Arming schools to the teeth is a clear sign of a failed society. Arming schools to the teeth would not benefit anyone — save the one group that already benefits from mass shootings: the profitable gun lobby. We already know that armed security guards have little deterring or countering effect on mass shootings. There was an armed security guard at Parkland. An armed security guard at the Pulse nightclub. An armed security guard at Columbine. Is this why institutions, such as banks, no longer regularly employ an armed security guard? The FBI has found that the presence of an armed guard actually increases the risk of violence. No one is addressing the possibility of a teacher’s gun being used against themselves or against students — which, by the way, has happened before.
The psychological trade-off is also substantial. Study after study has found that heavily armed schools have a seriously detrimental effect on the health and well-being of the students. High-security environments make students feel less safe. Schools with armed guards have higher rates of serious violent crime than schools without such personnel. Nor do armed personnel peacefully bide their time in between shootings: schools with armed teachers frequently report violent confrontations between them and their students. This shouldn’t be surprising. When your job is to monitor and weed out threats, and the people you’re protecting are potential threats themselves, allusions to “Big Brother is Watching You” write themselves. People, let alone teenagers, don’t take kindly to being constantly suspect, least of all in the one place they should feel safe. This is especially true among students of color, who often report high levels of racial profiling in such circumstances.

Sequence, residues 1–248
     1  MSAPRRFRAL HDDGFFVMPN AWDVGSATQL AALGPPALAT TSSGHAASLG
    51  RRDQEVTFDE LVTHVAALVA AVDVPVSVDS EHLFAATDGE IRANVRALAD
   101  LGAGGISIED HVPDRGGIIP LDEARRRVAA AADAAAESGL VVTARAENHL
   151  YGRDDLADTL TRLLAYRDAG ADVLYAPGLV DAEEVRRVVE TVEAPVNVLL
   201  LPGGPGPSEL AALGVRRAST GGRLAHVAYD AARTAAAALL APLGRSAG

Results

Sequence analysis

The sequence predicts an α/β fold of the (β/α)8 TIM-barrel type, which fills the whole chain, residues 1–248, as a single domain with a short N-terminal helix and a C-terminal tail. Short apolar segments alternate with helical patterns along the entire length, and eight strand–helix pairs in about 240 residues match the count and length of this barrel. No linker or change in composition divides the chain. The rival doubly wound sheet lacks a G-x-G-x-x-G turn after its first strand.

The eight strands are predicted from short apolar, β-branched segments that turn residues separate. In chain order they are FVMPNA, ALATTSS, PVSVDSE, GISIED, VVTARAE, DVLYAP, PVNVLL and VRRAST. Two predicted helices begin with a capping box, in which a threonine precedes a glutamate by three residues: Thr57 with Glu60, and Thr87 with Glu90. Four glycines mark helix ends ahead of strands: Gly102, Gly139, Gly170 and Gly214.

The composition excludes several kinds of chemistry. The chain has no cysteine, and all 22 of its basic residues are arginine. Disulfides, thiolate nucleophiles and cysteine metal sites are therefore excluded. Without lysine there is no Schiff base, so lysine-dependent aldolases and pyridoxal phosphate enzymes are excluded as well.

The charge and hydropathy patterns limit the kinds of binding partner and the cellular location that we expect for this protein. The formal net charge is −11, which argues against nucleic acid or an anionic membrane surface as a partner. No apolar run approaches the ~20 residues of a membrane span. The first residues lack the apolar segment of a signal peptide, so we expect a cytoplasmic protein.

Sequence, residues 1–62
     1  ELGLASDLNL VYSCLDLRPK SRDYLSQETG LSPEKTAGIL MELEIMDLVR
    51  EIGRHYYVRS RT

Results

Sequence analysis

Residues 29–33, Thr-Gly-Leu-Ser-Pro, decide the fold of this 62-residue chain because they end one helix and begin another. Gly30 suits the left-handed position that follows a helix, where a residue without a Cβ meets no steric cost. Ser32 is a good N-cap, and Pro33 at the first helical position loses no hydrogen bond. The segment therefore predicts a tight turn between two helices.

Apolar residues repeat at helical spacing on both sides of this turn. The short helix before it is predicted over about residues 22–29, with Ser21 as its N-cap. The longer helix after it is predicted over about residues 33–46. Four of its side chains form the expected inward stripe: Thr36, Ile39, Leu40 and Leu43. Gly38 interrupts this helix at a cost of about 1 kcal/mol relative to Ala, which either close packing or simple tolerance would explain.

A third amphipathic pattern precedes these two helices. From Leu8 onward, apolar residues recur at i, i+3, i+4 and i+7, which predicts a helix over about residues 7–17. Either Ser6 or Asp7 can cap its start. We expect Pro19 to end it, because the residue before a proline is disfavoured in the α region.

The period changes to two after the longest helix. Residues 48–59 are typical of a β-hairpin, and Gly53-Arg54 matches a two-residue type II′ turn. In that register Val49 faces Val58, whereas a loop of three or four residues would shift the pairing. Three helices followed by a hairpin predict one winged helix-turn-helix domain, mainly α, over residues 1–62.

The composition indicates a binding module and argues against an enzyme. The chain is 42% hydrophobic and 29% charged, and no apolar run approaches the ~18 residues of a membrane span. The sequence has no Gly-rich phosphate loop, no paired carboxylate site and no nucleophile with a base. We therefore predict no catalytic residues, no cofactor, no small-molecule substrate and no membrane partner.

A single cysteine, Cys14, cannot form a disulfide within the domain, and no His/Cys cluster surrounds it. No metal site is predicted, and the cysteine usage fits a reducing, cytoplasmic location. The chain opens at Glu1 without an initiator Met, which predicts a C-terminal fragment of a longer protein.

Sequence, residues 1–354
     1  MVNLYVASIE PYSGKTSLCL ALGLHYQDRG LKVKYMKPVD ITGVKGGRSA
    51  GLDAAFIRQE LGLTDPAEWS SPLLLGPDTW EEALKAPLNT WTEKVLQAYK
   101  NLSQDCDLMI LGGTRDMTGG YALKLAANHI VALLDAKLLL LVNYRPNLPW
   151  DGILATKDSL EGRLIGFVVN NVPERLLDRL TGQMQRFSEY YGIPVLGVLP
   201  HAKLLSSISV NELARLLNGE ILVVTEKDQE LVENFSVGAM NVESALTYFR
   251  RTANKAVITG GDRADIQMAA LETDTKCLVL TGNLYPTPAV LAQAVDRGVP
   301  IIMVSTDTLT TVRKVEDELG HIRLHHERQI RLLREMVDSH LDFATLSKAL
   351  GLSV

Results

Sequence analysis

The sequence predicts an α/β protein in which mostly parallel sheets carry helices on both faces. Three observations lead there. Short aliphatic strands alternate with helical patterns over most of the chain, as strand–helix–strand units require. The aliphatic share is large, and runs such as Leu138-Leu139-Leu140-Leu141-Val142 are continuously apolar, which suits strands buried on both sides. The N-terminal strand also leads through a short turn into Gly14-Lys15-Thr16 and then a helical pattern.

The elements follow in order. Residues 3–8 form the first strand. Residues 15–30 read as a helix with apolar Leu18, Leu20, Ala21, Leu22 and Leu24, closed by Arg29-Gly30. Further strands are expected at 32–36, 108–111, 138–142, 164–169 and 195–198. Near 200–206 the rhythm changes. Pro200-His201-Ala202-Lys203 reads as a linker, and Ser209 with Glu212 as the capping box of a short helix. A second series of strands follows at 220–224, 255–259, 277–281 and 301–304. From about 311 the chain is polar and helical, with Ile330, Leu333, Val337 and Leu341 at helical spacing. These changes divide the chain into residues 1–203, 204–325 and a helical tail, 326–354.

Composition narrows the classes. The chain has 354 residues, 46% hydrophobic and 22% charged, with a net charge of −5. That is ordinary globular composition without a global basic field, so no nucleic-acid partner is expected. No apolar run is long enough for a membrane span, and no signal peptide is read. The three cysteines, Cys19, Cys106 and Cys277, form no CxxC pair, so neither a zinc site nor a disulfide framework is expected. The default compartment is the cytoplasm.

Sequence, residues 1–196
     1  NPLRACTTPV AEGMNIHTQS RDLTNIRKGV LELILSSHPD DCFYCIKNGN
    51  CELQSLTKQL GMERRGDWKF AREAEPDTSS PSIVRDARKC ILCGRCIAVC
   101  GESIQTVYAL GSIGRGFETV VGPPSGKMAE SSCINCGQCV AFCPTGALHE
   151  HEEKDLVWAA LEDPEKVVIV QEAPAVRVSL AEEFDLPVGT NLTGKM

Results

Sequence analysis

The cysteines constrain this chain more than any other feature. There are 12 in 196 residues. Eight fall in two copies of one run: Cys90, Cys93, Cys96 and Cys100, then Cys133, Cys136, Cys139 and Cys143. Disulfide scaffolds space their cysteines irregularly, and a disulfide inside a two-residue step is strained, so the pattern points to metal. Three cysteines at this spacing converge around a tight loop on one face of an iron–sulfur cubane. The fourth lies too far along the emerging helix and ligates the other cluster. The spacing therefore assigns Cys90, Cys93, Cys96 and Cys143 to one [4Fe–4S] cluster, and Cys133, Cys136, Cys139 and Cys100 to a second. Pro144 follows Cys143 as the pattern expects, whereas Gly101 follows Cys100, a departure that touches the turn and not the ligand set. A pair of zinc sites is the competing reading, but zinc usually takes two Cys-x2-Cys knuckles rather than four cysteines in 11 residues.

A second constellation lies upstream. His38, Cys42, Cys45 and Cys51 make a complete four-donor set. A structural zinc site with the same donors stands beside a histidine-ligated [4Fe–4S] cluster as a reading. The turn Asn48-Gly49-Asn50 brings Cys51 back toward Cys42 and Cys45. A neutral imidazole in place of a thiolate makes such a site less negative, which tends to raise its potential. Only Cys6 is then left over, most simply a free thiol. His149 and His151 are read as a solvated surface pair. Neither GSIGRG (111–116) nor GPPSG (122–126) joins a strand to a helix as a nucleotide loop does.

This is about the point in the conversation that inevitably leads to an explosion of what-aboutism. You can practically hear a gun advocate start to say “Oh yeah? What do you suggest we do? Take away all guns?” First off, no. But some gun control is necessary. Even if it would not necessarily halt every mass shooting, putting limits on the types of weapons readily available to the trigger-happy — say, trigger-happy teenagers — would certainly limit the carnage. Second, there is some merit in the “mental health” argument, as it was clear that many shooters, including the most recent one, were severely troubled youths who fell in between the cracks of underfunded and underutilized mental health programs. Third, I actually agree with a common Republican talking point: this epidemic is caused by a culture that excessively glorifies violence. but it isn’t Hollywood or video games that are promoting this violence — it’s gun culture itself. I’ve talked about the NRA’s propensity to incite violence before. Just look at Wayne LaPierre’s most recent public address. Instead of addressing what gun owners or the gun industry might do to prevent more mass shootings, he spent his time before the cameras slobbering about socialism and accusing Democrats and liberals of being the evil enemy of freedom-loving patriots. Gun culture thrives off of toxic cultural divisions; it craves an “us-vs-them” mentality to pump sales. The Parkland shooter was in a rifle program funded by the NRA. Online, he used to parrot right-wing talking points. Some patriot.
Like everything in life, the answers are multifold. Confronting mass shootings will require action on numerous fronts — and a serious reflection on our societal health. The one bandaid that will not work, however, is throwing guns at schools and profits at the NRA and gun manufacturers. Arming our schools will remind America’s young not that we kept them safe but that we thoroughly failed them because we didn’t take their safety and security seriously enough to actually make hard choices. That would require adults to change. What will get instead is more children being murdered in their classrooms.